(By Justin P. Holder) Being concerned about the world’s problems is frustrating. The huge problems seem too big to do anything about, and the small problems seem insignificant in comparison.
Poverty is one of those big problems. The amount of suffering it causes and the extent to which it is entrenched within our economic system is difficult to overstate. But what is one to do about that? Giving to charity is nice but doesn’t make much headway in addressing the fundamental problem. Overthrowing capitalism may or may not help, but is not something that most of us can meaningfully work towards in our lifetimes.
No radical poverty alleviation strategy will be easy, but it is possible that one might be simple. Universal basic income is such a strategy. It has the characteristics that I take to be the Holy Grails of the serious activist: it is simple, it is realistic, and it is already in motion.
A universal basic income is an unconditional cash grant paid to every member of a community on a regular basis. In other words, it’s a publicly funded salary for doing nothing, owed to everyone. For many, this idea sounds unbearably naïve, but economists around the world have been developing it for decades. Theoretical models and practical experiments in smaller communities have not revealed any reason to think the policy infeasible. On the contrary, funding for such a policy would be far from impossible to find, and both predicted and actual consequences have been overwhelmingly positive.
This policy was brought to my attention by a friend of mine not long ago. We are both young Barbadian men, fresh out of our first degrees at the University of the West Indies (UWI). It didn’t take much thinking on my part to realise how powerful an idea it really was. He told me that he was researching the policy as it relates specifically to Barbados: how our budget could be adjusted to fund it, how high the basic income could be, etc. I told him on the spot that I wanted to be involved in any way I could in the effort to get a basic income implemented in Barbados. Not long after, we opened a Facebook page with the name Basic Income Barbados.
Our efforts are still embryonic, but I have more hope for the future than I’ve had in a long time. One shouldn’t underestimate the value of having a goal that can be visualised. Too often, we can imagine only vague and unreachable solutions to problems that are very concrete and imminent in our experience. But I know exactly what getting a guaranteed income would look like; I know what it would mean to people who are struggling to keep their heads above water and – more importantly – they know what it would mean to them. It is not a difficult concept to explain to anyone and the path from here to there is not a mysterious one.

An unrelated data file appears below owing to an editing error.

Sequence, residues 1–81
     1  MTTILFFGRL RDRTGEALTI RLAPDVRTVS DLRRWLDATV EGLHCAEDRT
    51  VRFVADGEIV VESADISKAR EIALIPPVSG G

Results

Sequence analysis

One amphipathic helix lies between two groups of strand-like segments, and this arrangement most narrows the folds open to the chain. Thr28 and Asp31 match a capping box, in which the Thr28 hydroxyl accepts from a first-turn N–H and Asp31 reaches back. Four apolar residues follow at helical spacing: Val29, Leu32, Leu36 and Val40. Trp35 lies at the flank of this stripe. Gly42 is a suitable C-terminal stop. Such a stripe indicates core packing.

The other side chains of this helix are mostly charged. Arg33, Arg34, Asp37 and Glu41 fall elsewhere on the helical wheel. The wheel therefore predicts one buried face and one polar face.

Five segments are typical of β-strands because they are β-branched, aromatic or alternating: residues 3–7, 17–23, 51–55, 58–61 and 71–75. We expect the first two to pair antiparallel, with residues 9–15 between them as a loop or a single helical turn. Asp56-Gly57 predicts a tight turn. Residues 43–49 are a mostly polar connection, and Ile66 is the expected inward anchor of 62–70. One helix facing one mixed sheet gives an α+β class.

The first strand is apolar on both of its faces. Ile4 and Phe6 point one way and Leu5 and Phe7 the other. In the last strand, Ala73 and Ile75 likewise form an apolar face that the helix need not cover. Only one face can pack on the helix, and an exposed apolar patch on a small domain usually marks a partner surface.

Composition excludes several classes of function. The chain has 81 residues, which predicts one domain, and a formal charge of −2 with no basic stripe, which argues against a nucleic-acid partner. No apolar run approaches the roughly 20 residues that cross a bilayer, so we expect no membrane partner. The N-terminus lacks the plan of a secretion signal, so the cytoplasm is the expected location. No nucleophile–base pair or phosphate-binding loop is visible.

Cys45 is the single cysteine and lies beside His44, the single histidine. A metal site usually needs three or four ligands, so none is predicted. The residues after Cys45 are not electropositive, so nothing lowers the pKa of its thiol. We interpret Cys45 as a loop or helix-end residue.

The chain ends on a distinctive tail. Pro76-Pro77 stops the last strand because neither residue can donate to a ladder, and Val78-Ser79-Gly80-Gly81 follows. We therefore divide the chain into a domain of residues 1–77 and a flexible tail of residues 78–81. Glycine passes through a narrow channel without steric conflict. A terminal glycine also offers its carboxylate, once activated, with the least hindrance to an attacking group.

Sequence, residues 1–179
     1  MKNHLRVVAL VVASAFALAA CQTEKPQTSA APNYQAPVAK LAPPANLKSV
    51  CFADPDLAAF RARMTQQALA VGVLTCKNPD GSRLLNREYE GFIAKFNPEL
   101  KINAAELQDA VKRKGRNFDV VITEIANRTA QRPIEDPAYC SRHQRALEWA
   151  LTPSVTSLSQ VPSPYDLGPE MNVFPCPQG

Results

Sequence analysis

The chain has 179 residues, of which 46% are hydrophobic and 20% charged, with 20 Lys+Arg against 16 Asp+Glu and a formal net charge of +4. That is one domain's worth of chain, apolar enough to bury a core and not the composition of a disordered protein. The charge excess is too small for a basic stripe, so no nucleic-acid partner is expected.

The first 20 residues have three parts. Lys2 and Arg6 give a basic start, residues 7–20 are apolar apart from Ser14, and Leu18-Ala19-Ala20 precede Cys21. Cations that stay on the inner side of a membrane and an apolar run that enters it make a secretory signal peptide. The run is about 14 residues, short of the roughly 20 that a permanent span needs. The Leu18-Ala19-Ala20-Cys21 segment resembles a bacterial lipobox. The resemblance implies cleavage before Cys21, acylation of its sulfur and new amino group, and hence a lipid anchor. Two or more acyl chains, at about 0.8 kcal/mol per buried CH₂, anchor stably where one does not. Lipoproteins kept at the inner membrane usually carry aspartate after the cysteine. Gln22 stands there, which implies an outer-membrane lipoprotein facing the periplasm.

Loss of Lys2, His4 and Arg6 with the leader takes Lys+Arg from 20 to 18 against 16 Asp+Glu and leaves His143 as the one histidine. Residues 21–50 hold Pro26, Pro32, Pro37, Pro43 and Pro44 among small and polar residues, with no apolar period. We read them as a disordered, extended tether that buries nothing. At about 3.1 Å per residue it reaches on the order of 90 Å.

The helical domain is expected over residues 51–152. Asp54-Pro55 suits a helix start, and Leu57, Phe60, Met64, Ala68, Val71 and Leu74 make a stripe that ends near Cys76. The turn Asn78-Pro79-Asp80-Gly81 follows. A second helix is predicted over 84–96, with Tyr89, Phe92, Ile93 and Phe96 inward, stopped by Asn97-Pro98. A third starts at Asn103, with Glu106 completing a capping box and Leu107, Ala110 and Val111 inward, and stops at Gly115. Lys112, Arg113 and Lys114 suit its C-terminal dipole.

Where would the money come from? Part of it would come from the liquidation of existing expensive poverty alleviation programmes. We spend a lot of money funding administratively bloated welfare programmes that are not nearly as effective as a basic income would be. A good deal of the money that goes into existing programmes never actually makes it to the people who need it. The simplicity of a basic income dodges this issue as well as the psychological problems with requiring the needy to claim welfare; no one is made to feel that they have not been capable of taking care of themselves, nor are they subjected to intrusive means testing or screening.
In the best case scenario, it will be a very long time before universal basic income is on Barbados’ national agenda. In the mean time we’re trying to get the ball rolling by writing pieces like this, speaking to potential allies, and doing solid research. We’ve got a long road ahead convincing people that free money won’t make everyone lazy delinquents (it won’t – UNICEF-funded experiments in India showed an increase in economic activity and work, for example), and that unemployed young men “on the block” should be trusted with some financial responsibility. The poverty of these kinds of objections is very apparent to us so we’re prepared to shoot them down when they appear. Good ideas don’t take root without a lot of resistance.
Young people aren’t lacking for good ideas, but there aren’t many avenues for us to take part meaningfully in political life. Many think the only option is to be assimilated into a political party, but the results of that move are predictably uninspiring most of the time. With employment being harder to come by, young people have a vested interest in pursuing a social safety net that will maintain everyone’s dignity, freedom, and ability to live comfortably within the thoes of an increasingly hostile economy.
Justin P. Holder is a Philosophy graduate from the University of the West Indies, Cave Hill. He is presently busying himself with activism and writing while preparing to further his studies.